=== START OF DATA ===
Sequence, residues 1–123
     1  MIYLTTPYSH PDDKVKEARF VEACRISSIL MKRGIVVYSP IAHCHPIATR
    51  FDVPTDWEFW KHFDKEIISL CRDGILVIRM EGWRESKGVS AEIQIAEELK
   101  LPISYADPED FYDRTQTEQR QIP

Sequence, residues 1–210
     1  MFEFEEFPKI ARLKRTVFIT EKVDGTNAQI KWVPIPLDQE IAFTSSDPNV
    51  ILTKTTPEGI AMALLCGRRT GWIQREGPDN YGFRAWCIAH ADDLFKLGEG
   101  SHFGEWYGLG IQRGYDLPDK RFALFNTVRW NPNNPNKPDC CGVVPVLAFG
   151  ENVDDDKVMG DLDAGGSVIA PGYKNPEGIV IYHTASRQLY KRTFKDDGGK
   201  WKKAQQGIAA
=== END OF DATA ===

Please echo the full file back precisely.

Sequence, residues 1–123
     1  MIYLTTPYSH PDDKVKEARF VEACRISSIL MKRGIVVYSP IAHCHPIATR
    51  FDVPTDWEFW KHFDKEIISL CRDGILVIRM EGWRESKGVS AEIQIAEELK
   101  LPISYADPED FYDRTQTEQR QIP

Sequence, residues 1–210
     1  MFEFEEFPKI ARLKRTVFIT EKVDGTNAQI KWVPIPLDQE IAFTSSDPNV
    51  ILTKTTPEGI AMALLCGRRT GWIQREGPDN YGFRAWCIAH ADDLFKLGEG
   101  SHFGEWYGLG IQRGYDLPDK RFALFNTVRW NPNNPNKPDC CGVVPVLAFG
   151  ENVDDDKVMG DLDAGGSVIA PGYKNPEGIV IYHTASRQLY KRTFKDDGGK
   201  WKKAQQGIAA